Veterans Day program lauds local servicemembers
Nevis School hosted a Veterans Day program on Nov. 10.
A packed Tigers Arena listened to guest speakers Trudy Maninga and Command Sergeant Major Mitch Hellkamp.
Star of the North U.S. Marine Corps League Honor Guard posted the colors while Adeline and Lydia Bjorklund sang the national anthem.
"Believe it or not, my connection to the veteran family is I have great-great-grandfathers that served in the Revolutionary War. My great-grandfather served in the Civil War, along with four of his brothers, and an uncle is a World War II veteran. He came from the little town of Nevis here," Maninga said.
Her uncle was deployed to the Philippines, she said, and was one of 16 people selected in the U.S. Army to go on a special mission. But they were forced to hide underground.
"He was 6 ft 4 and a redhead, so it was not easy to hide from the Japanese," Maninga said.
He was considered "missing in action" for almost three years.
"He came home on Mother's Day. He was one of three or four that survived," she said.
Maninga reminded students that veterans protect their right to attend school.
"The ones that are at war or at peace, they give us the right to speak. They give us the right to worship if we chose to do so. They give us the right to honor that great flag and what it has stood for. They give us the right to be what we are," she said.
Delve into your family history, urged Maninga, "find the veterans in your family. Respect them. Respect this flag. Respect this country. If we can respect, we can change what we may not like and can do something about it in a positive manner."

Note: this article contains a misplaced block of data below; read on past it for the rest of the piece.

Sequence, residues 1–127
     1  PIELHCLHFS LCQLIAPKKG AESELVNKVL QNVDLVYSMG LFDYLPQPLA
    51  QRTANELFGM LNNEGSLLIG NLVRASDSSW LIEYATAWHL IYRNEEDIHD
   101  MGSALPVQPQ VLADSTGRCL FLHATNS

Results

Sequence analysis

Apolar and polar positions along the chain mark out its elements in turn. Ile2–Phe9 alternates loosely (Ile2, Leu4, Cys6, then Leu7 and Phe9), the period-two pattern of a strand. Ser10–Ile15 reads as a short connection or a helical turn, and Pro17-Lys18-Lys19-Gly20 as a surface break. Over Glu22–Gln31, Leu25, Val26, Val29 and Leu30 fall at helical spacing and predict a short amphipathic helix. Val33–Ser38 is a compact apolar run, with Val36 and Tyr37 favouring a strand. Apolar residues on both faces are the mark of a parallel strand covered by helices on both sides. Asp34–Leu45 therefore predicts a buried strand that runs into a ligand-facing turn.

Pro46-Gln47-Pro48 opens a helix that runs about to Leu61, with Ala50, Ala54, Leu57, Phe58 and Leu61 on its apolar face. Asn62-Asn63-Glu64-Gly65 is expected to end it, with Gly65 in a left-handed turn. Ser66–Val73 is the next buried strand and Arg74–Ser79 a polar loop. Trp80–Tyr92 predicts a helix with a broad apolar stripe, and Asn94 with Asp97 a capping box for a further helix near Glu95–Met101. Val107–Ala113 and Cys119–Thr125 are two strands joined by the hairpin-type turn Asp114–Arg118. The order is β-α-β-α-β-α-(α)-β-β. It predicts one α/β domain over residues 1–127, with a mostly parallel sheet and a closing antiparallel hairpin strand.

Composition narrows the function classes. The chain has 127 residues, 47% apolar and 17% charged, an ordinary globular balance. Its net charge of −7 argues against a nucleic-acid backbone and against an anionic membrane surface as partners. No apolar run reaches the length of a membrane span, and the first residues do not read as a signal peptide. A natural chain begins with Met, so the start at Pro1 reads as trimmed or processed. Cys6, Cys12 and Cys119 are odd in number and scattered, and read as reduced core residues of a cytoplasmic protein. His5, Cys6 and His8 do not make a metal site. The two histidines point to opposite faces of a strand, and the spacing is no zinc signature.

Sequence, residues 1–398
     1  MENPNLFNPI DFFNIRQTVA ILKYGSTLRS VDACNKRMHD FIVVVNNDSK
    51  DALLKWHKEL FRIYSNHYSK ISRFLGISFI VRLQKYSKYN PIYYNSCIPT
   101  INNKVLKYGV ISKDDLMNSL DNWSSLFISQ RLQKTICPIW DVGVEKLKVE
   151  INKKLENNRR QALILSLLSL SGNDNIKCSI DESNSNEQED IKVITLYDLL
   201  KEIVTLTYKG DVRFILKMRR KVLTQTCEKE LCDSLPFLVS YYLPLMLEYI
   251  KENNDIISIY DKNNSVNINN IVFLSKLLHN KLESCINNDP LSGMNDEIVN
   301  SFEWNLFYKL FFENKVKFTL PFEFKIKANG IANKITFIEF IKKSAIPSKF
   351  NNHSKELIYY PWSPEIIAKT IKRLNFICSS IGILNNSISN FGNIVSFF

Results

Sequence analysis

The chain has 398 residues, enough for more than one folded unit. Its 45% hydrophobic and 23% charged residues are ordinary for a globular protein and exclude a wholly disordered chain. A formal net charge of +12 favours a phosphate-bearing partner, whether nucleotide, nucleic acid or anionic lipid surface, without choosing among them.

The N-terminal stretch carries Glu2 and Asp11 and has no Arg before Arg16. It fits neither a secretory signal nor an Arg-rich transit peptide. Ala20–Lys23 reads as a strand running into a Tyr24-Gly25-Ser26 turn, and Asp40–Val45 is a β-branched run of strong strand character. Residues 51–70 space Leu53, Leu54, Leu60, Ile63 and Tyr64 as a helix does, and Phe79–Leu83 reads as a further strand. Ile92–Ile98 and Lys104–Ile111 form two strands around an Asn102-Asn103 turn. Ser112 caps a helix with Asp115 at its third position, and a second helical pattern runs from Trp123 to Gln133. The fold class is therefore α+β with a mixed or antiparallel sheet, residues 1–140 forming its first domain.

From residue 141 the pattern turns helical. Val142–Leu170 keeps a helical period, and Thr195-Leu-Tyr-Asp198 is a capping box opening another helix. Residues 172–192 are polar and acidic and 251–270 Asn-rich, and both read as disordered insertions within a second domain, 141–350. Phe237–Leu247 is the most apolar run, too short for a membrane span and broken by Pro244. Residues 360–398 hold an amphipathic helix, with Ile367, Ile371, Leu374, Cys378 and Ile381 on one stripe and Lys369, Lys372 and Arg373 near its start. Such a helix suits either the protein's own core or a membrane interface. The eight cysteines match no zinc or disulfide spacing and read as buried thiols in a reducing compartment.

A 1984 Nevis High School graduate, Hellkamp was deployed to Bosnia, Iraq and Kuwait with the U.S. Army. He currently resides in Coon Rapids.
"The servicemembers we honor today came from all walks of life, all parts of the nation and all corners of our state, but they share fundamental qualities. They possess courage, pride, selflessness, dedication to duty and integrity, all the attributes needed to serve in the Armed Forces," Hellkamp said.
Less than 1 percent of the U.S. population serves in the military, he noted.
They are "ordinary people that respond in extraordinary ways in extreme circumstances."
"Millions of Americans have fought and died here and abroad to defend our freedoms and our way of life. Even today, as we face volatile situations around the globe, men and women are volunteering to serve in the military and join the best that America has to offer," Hellkamp said.
As part of the Veterans Day program, Akeley VFW Post 8508 announced that Jack McNamee, a ninth grader, was the winner of the VFW's Voice of Democracy Essay competition. Open to freshman through seniors, contestants submit an audio essay about democratic ideas and principles. The 2017 theme was "American History: Our Hope for the Future."
Eighth grader Hannah Buzzell wrote the winning essay for the VFW's Patriot's Pen Essay Contest. The annual competition encourages sixth through eighth graders to examine America's history, along with their own experiences, and craft a 300- to 400-word essay. This year's theme was "America's Gift to My Generation."
Commandant Dave Free of the Star of the North U.S. Marine Corps League presented awards to Veterans Day coloring contest winners. Each received a $25 gift certificate to Leona's.
First, he thanked the Nevis Tigers football team, Nevis student body and community member for standing during the national anthem.
"That flag over there is the one that most of us served under. That's the flag that most of us were willing to die for. And that flag right there is the one most of us will be buried under. It means a lot to us," Free said.